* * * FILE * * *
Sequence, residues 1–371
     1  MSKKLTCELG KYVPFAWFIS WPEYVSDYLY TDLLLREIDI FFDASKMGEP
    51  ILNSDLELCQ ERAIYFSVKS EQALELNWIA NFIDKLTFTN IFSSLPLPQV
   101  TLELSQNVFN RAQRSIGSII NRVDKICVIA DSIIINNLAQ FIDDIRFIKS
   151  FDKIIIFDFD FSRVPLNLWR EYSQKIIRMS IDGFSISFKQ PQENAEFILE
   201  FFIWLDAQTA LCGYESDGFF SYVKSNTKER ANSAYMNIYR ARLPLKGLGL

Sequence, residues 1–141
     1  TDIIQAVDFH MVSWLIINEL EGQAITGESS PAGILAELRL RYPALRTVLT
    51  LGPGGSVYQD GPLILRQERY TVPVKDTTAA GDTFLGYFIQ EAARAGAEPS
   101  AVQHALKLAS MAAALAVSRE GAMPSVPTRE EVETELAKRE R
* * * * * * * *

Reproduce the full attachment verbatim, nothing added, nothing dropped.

Sequence, residues 1–371
     1  MSKKLTCELG KYVPFAWFIS WPEYVSDYLY TDLLLREIDI FFDASKMGEP
    51  ILNSDLELCQ ERAIYFSVKS EQALELNWIA NFIDKLTFTN IFSSLPLPQV
   101  TLELSQNVFN RAQRSIGSII NRVDKICVIA DSIIINNLAQ FIDDIRFIKS
   151  FDKIIIFDFD FSRVPLNLWR EYSQKIIRMS IDGFSISFKQ PQENAEFILE
   201  FFIWLDAQTA LCGYESDGFF SYVKSNTKER ANSAYMNIYR ARLPLKGLGL

Sequence, residues 1–141
     1  TDIIQAVDFH MVSWLIINEL EGQAITGESS PAGILAELRL RYPALRTVLT
    51  LGPGGSVYQD GPLILRQERY TVPVKDTTAA GDTFLGYFIQ EAARAGAEPS
   101  AVQHALKLAS MAAALAVSRE GAMPSVPTRE EVETELAKRE R